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Rolph Scarlett’s Theatre Designs

“Man knew how to make circles, how to make squares, how to make a triangle.  He put these things together … These are the basic configurations of how to interpret space … Kandinsky worked that way ... After …being completely lyrical, he was eventually able to get rid of the trees, the houses, the barns and everything else … Kandinsky was challenging all the conceptions of art that existed from the Egyptians on.  He was challenging the whole damn thing and I was fortunate to see it at a very early age” (Rolph Scarlett qtd. from Nasby, Judy.  Rolph Scarlett: Painter, Designer, Jeweller. Kingston: McGill-Queen's University Press, 2004: 2).

Rolph Scarlett was a prolific artist whose work as a theatre designer will be of interest to the CASP audience.  In a retrospective of his work at the Macdonald Stewart Art Centre beginning in September of 2004, curator Judith Nasby highlighted his designs for a production of King Lear.  In these designs, Scarlett’s modernist style is evident in the cathedral-inspired scale of the set.  As well as King Lear, the Macdonald Steward Art Centre collection holds a set design for Hamlet done by Scarlett.  It is interesting to note that production records for these designs do not exist, and in fact these designs may never have been realized on stage because Scarlett completed many of his theatre designs on a freelance basis.  Following is an excerpt from Nasby’s book, Rolph Scarlett:  Painter, Designer, Jeweller:

“Canadian artist Rolph Scarlett had a remarkable seventy-five-year career in the United States as a painter, designer, and jeweller.  A dedicated modernist, he successfully fused multiple artistic practices into a single vision.  As a painter, inspired by his association with European avant-garde artists at the Museum of Non-objective Painting in New York, he explored geometric abstraction.  The museum, later renamed the Solomon R. Guggenheim Museum, purchased sixty of his paintings and works on paper during the 1930s and 1940s.  This remains one of the largest acquisitions of a Canadian artist's work by an international art museum.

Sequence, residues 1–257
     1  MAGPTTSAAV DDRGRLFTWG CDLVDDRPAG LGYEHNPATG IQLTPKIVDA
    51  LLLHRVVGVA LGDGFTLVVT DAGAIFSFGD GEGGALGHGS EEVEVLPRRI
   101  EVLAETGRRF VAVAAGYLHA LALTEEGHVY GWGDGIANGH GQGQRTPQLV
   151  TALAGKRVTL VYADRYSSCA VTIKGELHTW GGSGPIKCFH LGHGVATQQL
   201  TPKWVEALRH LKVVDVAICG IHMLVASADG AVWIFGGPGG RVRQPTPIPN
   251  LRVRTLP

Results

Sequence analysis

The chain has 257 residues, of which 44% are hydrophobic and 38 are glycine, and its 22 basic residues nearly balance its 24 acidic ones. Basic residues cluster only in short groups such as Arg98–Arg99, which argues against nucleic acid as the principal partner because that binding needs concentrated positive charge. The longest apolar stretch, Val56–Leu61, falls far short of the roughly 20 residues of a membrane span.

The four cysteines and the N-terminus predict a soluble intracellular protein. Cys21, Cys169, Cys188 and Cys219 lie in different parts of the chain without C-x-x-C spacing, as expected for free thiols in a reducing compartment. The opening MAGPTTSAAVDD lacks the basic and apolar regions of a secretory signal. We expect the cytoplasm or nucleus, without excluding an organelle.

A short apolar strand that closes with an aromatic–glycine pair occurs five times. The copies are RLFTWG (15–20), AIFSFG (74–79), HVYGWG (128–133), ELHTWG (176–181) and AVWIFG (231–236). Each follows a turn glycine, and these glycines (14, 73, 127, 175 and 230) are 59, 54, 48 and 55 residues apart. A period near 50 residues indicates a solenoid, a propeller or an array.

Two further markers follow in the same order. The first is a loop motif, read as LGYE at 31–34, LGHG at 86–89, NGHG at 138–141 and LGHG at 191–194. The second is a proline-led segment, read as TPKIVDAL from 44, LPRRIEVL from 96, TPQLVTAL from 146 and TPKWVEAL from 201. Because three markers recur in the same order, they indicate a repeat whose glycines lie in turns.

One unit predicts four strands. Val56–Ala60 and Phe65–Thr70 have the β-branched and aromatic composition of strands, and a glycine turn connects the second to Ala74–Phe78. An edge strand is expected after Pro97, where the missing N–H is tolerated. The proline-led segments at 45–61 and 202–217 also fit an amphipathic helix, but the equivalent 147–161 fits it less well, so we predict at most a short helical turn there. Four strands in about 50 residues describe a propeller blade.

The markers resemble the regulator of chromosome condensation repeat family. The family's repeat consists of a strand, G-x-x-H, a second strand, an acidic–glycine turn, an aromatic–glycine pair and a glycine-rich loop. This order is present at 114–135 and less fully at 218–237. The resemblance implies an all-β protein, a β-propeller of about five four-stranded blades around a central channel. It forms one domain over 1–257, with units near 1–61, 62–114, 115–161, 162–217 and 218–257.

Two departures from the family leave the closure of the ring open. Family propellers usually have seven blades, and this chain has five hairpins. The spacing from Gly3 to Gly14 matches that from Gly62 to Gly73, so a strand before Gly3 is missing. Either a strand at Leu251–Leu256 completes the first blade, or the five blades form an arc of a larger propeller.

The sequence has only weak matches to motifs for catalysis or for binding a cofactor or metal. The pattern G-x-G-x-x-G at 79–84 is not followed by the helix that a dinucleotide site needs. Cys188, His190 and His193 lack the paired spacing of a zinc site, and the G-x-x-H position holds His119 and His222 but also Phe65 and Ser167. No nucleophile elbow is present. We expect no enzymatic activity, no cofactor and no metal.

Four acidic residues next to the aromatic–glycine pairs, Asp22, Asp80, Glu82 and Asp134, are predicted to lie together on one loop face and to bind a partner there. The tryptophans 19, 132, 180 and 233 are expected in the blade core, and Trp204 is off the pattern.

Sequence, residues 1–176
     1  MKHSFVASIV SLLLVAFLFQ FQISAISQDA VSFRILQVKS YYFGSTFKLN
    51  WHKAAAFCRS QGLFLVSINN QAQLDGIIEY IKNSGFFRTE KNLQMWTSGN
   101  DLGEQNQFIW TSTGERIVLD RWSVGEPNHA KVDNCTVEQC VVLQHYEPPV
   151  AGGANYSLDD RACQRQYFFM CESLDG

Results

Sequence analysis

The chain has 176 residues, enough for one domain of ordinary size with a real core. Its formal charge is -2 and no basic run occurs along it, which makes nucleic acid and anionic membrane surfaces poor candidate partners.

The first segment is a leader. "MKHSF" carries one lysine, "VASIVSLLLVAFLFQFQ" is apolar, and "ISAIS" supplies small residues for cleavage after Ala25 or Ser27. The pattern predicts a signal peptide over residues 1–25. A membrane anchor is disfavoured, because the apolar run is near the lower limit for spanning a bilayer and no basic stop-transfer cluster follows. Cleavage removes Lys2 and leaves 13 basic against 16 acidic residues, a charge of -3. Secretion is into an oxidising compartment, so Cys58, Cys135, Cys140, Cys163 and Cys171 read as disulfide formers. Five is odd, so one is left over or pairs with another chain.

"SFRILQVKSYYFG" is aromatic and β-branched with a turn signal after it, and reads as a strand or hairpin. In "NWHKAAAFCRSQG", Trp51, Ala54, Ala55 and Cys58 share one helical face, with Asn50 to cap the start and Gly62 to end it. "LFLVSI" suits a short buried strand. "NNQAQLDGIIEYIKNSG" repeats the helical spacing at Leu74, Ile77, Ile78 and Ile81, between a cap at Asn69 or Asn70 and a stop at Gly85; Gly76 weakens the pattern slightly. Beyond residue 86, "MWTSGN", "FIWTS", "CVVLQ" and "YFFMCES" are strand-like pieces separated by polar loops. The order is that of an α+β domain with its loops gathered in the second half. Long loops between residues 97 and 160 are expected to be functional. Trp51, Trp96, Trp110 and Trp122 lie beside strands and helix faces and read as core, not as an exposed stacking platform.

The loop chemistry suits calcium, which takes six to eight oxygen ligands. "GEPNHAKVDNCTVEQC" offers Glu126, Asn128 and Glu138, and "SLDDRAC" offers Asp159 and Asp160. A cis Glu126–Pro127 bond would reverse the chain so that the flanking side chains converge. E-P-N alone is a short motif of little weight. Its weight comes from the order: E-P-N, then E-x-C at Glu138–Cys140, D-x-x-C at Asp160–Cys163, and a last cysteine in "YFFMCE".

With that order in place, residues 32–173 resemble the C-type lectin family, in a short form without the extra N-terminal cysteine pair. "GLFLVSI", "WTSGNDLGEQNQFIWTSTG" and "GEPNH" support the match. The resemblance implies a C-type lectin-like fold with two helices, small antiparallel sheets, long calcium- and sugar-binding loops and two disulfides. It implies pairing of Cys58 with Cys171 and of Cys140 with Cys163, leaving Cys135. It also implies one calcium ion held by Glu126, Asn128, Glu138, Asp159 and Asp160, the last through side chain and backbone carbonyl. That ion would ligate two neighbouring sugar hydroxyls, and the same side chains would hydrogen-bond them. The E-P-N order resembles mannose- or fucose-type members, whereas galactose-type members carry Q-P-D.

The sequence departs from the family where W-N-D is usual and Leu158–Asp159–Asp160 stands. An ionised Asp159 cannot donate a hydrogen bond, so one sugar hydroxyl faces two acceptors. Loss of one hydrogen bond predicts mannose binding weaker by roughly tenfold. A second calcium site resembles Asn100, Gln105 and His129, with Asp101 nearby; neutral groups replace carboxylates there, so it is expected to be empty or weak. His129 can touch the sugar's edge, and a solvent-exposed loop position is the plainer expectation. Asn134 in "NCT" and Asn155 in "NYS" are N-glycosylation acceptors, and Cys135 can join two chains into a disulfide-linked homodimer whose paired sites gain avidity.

“In the 1930s Scarlett produced beautifully executed industrial design drawings that reveal his mastery of the streamline aesthetic.  He was also an innovative stage designer, working in the constructivist style in California and New York.  Throughout his career, he created unique jewellery in the American modernist tradition.  He translated his non-objective approach to painting into highly sculptural jewellery, making imaginative use of stones and settings.  Rolph Scarlett's multi-faceted career began in his formative years in Guelph, Ontario, where he was born in 1889” (qtd. from Nasby, Judith. Rolph Scarlett: Painter, Designer, Jeweller. Kingston: McGill-Queen's University Press, 2004: 3).

“EXPLORING ABSTRACTION IN STAGE DESIGN
While living in Toledo, Scarlett joined the Stage Club, an amateur theatrical group that was part of an artists' society known as the Art Klan Club.  In 1928 he designed the sets for three plays, Tristan, The Lady of the Weeping Willow, and Christopher Morley's East of Eden.  The Toledo Sunday Times reviewer described the sets as "remarkably sculpturesque, remarkably beautiful."  Scarlett used the word "constructivism" in describing his set designs, "which means the suggestion of form by flat surfaces diametrically opposed, dependent on light for the quality of depth.  It is all symbolic."  The lighting and the geometry of the stage were intended to heighten emotions and focus attention on the proper character at the appropriate time.